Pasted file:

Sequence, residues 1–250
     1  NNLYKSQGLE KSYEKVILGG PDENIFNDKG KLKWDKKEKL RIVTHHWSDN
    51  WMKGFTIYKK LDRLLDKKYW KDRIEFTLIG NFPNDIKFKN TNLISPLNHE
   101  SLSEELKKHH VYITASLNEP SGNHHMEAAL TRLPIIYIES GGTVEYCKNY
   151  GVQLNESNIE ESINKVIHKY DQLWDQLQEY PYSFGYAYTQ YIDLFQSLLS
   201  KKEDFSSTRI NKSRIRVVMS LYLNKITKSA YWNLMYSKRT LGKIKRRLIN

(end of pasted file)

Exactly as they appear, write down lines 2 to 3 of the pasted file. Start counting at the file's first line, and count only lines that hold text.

     1  NNLYKSQGLE KSYEKVILGG PDENIFNDKG KLKWDKKEKL RIVTHHWSDN
    51  WMKGFTIYKK LDRLLDKKYW KDRIEFTLIG NFPNDIKFKN TNLISPLNHE